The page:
The performance of graphene, and a few selected derivatives, was investigated as a negative electrode material in sodium and lithium-ion batteries. Hydrogenated graphene shows significant improvement in battery performance compared with as-prepared graphene, with reversible capacities of 488 mAh/g for lithium-ion batteries after 50 cycles and 491 mAh/g for sodium-ion batteries after 20 cycles. Notably, high rates of 1 A/g for graphene and 5 A/g for hydrogenated graphene indicate higher capacities in sodium-ion batteries than in lithium-ion batteries. Alternatively, nickel-nanoparticle decorated graphene performed relatively poorly in lithium-ion batteries. However, in sodium-ion batteries they showed the highest reversible capacities of all studied batteries and graphene derivatives, with 826 mAh/g after 25 cycles with 97% coulombic efficiency. Overall, minor modifications to graphene can dramatically improve electrochemical performance in both lithium-ion and sodium-ion batteries (ChemElectroChem. 2015).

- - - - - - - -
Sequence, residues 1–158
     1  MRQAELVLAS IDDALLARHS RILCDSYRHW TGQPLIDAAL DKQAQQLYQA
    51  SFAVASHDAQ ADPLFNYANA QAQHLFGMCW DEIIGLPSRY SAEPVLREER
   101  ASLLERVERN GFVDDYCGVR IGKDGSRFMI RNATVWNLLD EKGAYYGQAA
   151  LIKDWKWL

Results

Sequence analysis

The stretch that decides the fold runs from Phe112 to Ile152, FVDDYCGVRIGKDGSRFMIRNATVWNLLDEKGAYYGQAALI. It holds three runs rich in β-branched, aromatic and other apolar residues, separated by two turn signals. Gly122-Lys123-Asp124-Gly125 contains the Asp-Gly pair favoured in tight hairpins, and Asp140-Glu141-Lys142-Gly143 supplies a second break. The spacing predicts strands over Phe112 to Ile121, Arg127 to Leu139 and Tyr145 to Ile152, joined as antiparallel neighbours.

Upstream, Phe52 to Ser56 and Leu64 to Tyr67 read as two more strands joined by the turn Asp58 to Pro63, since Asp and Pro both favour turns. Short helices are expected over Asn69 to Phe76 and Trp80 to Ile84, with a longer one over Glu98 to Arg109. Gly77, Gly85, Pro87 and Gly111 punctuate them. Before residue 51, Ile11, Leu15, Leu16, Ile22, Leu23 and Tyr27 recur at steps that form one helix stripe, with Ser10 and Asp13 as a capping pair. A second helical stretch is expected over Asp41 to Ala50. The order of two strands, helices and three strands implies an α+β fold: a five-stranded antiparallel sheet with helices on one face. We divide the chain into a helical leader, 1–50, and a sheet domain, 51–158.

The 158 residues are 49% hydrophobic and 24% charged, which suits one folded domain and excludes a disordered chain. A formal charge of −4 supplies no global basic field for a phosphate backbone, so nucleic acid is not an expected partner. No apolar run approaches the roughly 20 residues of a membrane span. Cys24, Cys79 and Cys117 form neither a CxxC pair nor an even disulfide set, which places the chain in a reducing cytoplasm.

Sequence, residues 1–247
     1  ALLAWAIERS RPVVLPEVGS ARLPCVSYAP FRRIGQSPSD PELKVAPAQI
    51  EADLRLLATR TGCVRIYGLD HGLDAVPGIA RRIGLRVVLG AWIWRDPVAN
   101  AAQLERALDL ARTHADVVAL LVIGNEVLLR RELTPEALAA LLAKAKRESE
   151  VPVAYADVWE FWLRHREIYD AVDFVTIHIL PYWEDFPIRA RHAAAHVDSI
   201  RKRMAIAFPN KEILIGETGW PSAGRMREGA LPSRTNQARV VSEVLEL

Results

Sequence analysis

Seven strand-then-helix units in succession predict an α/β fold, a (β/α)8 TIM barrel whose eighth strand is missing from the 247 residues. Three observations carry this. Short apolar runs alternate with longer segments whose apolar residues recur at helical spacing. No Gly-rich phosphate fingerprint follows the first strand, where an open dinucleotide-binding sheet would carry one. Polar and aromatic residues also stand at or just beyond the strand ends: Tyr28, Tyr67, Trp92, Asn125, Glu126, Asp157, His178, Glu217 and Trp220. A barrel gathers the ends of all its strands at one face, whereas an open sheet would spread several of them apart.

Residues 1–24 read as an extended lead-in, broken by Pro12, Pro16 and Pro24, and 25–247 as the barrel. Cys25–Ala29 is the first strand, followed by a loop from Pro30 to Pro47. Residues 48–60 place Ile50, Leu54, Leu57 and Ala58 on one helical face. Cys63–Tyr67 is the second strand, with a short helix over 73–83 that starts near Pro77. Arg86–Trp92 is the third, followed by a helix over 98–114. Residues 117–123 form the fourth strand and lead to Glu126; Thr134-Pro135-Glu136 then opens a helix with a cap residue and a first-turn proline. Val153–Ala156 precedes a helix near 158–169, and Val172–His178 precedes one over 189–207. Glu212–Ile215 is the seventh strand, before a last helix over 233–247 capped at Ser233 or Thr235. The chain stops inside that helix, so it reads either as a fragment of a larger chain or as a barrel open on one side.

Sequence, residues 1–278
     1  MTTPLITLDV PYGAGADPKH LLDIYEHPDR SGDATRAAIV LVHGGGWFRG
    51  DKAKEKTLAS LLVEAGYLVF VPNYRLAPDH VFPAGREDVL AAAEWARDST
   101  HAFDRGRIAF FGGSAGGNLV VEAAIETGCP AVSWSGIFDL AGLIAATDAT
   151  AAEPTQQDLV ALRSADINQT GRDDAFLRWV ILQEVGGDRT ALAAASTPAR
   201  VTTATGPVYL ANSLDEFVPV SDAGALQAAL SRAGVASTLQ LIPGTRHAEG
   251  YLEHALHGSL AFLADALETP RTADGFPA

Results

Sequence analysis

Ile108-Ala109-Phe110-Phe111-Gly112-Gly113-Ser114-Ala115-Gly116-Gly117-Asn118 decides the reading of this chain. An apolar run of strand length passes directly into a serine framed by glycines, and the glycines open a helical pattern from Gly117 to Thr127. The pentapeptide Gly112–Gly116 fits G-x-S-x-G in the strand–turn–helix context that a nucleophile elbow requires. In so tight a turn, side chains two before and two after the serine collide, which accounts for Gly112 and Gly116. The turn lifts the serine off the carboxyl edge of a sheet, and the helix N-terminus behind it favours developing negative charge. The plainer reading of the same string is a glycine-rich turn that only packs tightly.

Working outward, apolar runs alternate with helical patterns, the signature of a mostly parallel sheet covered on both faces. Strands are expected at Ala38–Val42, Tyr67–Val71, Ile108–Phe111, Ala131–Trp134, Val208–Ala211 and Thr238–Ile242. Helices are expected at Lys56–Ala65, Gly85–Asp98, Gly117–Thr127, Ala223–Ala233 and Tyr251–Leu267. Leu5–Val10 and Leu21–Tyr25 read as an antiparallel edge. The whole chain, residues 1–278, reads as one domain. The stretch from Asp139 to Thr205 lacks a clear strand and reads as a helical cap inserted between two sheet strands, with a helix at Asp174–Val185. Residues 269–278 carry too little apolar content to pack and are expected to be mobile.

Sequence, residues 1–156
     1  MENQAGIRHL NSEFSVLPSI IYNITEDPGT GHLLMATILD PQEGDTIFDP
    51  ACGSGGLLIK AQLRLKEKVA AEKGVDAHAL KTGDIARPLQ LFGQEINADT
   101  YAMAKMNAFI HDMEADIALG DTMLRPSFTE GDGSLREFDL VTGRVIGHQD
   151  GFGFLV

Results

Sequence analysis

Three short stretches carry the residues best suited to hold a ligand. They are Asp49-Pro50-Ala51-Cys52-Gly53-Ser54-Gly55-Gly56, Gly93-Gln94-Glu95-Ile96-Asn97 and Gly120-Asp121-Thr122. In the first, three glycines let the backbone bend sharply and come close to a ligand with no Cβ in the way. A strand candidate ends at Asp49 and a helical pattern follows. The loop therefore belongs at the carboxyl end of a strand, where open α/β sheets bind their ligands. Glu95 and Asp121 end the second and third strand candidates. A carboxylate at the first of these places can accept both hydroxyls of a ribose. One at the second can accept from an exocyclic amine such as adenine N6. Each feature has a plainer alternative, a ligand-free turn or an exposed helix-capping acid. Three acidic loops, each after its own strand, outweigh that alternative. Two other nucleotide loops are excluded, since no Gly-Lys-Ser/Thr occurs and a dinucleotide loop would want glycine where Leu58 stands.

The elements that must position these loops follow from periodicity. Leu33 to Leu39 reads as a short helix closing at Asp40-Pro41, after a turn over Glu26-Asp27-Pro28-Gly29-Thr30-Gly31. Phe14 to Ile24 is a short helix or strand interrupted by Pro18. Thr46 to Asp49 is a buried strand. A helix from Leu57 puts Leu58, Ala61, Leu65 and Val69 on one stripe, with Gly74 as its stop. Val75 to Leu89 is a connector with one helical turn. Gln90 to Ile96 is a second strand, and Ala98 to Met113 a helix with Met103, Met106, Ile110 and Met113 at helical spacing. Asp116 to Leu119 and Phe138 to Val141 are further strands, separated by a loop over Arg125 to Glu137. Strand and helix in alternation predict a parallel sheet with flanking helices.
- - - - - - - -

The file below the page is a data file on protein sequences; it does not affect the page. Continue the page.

- Nickel addition to optimize the hydrogen storage performance of lithium intercalated fullerides
- Neutron scattering study of nickel decorated thermally exfoliated graphite oxide
- Platinum carbonyl clusters decomposition on defective graphene surface
- Degassing and phase transitions with temperature in melanophlogite
- Super-activated biochar from poultry litter for high-performance supercapacitors